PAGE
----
|I, Hasan the son of Muhammad the weigh-master, I, Jean-Leon de Medici, circumcised at the hand of a barber and baptized at the hand of a pope, I am now called the African, but I am not from Africa, nor from Europe, nor from Arabia. I am also called the Granadan, the Fassi, the Zayyati, but I come from no country, from no city, no tribe. I am the son of the road, my country is the caravan, my life the most unexpected of voyages.
My wrists have experienced in turn the caresses of silk, the abuses of wool, the gold of princes and the chain of slaves. My fingers have parted a thousand veils, my lips have made a thousand virgins blush, and my eyes have seen cities die and empires perish.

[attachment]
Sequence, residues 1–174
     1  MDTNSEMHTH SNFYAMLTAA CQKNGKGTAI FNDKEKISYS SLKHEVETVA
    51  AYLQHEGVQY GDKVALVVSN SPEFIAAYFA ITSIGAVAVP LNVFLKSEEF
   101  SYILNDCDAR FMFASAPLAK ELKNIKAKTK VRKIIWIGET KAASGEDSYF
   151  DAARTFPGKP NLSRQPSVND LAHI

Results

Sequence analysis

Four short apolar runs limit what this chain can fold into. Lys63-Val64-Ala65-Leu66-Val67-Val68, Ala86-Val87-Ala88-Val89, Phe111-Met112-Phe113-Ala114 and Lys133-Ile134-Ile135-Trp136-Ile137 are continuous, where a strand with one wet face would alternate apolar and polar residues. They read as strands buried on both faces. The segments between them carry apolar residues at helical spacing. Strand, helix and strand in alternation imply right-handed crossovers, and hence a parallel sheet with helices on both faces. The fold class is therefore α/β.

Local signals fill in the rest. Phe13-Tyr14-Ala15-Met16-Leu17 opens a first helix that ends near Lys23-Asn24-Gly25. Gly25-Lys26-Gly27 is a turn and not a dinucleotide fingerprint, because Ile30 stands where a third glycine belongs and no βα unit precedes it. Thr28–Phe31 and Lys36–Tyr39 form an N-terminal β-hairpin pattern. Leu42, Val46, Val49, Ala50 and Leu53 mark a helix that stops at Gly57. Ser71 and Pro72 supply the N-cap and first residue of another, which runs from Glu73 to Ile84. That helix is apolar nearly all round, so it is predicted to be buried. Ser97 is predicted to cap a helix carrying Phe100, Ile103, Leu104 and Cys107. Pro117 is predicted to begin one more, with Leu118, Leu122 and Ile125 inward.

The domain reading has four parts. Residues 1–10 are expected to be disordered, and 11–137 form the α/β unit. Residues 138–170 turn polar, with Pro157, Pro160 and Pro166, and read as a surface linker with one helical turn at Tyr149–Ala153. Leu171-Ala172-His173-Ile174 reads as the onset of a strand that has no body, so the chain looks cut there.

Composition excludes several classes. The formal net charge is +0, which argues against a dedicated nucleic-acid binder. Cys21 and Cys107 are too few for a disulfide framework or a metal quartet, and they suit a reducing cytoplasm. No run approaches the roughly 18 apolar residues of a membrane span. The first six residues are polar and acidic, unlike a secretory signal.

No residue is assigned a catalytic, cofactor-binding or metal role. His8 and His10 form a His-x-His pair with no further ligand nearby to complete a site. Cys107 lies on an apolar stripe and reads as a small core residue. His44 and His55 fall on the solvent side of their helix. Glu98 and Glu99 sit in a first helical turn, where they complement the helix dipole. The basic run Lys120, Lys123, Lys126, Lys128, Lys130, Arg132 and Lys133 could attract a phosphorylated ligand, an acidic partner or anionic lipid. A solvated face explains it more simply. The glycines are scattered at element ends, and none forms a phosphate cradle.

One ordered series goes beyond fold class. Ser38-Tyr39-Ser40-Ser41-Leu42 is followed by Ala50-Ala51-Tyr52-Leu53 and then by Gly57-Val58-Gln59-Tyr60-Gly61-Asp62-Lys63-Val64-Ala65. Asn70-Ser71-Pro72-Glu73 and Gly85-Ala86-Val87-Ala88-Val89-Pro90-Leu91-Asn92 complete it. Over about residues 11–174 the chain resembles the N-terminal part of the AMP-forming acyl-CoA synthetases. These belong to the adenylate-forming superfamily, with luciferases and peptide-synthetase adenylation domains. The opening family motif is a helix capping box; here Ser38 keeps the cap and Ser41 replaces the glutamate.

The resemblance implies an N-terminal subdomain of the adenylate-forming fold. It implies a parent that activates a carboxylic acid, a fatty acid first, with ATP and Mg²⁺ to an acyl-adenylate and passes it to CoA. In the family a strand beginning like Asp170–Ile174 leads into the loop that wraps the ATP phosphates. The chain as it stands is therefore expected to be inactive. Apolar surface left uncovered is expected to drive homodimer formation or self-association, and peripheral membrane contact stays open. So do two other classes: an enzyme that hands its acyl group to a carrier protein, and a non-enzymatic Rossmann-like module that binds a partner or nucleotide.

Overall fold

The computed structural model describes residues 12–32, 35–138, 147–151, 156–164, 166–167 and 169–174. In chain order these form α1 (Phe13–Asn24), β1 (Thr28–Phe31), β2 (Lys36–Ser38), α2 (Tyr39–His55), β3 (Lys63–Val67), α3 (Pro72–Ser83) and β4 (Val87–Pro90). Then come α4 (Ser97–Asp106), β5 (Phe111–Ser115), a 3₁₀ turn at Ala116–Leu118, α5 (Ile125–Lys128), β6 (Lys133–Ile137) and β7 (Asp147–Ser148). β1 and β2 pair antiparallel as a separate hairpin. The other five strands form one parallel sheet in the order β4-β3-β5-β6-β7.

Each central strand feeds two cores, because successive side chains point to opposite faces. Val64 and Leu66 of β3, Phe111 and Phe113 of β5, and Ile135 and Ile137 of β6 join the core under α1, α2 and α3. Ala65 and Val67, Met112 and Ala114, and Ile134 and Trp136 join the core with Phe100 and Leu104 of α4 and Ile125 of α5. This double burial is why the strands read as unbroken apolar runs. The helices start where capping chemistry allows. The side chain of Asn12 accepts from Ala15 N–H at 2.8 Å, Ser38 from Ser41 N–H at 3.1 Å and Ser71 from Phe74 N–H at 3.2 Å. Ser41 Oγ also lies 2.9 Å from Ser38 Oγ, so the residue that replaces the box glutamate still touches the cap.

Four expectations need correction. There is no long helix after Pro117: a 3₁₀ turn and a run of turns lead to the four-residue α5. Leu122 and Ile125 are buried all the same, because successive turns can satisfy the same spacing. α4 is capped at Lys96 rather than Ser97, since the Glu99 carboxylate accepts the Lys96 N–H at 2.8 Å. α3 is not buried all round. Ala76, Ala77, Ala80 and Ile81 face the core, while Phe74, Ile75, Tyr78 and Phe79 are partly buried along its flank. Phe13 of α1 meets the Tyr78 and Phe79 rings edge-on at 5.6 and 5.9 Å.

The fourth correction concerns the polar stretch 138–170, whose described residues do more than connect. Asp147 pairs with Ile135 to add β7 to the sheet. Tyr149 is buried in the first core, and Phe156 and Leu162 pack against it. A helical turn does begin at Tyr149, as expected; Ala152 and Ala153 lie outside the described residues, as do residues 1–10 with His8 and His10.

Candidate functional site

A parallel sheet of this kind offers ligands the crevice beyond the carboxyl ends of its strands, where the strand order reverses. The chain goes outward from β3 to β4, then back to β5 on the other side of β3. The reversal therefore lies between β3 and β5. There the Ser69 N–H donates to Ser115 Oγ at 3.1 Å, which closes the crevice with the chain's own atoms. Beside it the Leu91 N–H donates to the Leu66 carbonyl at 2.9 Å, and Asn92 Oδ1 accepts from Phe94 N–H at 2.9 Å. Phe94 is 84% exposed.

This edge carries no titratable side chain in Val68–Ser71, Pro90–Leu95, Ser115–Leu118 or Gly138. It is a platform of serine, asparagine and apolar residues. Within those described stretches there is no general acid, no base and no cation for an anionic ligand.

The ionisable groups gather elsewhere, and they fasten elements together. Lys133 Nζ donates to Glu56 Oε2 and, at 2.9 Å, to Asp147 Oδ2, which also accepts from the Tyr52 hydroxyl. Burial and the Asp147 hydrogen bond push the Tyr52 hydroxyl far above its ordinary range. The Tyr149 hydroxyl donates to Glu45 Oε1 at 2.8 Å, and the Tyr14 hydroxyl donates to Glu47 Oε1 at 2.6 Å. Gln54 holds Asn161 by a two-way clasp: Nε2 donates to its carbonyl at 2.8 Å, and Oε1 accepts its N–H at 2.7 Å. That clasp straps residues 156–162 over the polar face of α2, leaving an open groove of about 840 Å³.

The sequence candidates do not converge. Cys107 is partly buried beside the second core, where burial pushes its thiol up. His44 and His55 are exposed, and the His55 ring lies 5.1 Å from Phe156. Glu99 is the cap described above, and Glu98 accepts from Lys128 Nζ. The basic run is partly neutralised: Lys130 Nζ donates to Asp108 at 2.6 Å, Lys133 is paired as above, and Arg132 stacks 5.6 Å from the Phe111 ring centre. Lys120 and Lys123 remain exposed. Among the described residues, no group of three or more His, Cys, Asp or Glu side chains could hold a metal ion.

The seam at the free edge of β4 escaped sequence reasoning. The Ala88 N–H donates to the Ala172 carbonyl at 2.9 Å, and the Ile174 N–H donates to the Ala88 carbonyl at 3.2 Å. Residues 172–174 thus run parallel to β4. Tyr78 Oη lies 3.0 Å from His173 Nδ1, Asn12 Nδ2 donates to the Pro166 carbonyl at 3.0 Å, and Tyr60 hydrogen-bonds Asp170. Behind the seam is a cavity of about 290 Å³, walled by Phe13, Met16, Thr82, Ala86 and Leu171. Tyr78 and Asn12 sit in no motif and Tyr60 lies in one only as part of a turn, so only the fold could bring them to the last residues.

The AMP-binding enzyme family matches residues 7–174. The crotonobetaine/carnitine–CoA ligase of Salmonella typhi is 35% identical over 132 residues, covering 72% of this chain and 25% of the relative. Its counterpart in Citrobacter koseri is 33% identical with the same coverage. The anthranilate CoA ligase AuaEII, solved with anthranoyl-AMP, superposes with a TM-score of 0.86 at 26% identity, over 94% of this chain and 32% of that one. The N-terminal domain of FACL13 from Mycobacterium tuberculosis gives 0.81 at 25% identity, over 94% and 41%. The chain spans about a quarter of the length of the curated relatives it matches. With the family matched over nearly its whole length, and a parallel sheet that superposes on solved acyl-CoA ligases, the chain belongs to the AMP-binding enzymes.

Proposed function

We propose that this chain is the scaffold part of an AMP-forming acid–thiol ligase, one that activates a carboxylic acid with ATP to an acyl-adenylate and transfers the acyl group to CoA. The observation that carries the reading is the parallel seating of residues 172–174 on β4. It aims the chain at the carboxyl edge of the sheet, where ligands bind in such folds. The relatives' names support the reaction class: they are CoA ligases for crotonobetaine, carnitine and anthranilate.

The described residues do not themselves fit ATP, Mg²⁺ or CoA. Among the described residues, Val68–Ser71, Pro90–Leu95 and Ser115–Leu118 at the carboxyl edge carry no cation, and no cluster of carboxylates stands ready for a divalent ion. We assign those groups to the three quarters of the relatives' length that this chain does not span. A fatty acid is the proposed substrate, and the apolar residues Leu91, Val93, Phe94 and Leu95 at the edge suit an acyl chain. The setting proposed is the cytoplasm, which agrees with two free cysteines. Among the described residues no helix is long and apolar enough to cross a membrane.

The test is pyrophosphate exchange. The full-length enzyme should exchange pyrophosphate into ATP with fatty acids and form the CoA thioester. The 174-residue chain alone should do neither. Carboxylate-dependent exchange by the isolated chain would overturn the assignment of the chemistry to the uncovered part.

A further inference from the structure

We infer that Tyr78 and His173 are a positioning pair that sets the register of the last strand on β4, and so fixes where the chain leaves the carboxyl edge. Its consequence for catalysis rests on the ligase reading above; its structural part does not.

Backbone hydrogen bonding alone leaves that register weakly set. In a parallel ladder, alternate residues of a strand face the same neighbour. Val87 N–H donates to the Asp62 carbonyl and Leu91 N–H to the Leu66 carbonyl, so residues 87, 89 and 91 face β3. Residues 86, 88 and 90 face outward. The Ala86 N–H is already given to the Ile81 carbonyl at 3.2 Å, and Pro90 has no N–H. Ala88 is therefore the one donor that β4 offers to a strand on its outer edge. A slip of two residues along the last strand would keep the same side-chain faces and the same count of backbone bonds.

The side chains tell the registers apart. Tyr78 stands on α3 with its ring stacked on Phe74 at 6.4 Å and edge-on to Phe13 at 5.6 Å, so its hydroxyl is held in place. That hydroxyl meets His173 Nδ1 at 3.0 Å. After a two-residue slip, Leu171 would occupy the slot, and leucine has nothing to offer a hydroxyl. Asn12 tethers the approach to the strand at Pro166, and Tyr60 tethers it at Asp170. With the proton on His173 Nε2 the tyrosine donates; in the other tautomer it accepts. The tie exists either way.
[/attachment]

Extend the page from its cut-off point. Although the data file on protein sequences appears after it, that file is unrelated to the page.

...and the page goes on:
From my mouth you will hear Arabic, Turkish, Castilian, Berber, Hebrew, Latin and vulgar Italian, because all tongues and all prayers belong to me. But I belong to none of them. I belong only to God and to the Earth, and it is to them that I will one day soon return.
But you will remain after me, my son. And you will carry the memory of me with you. And you will read my books. And this scene will come back to you: your father, dressed in the Neapolitan style, aboard this galley which is conveying him towards the African coast, scribbling to himself, like a merchant working out his accounts at the end of a long journey.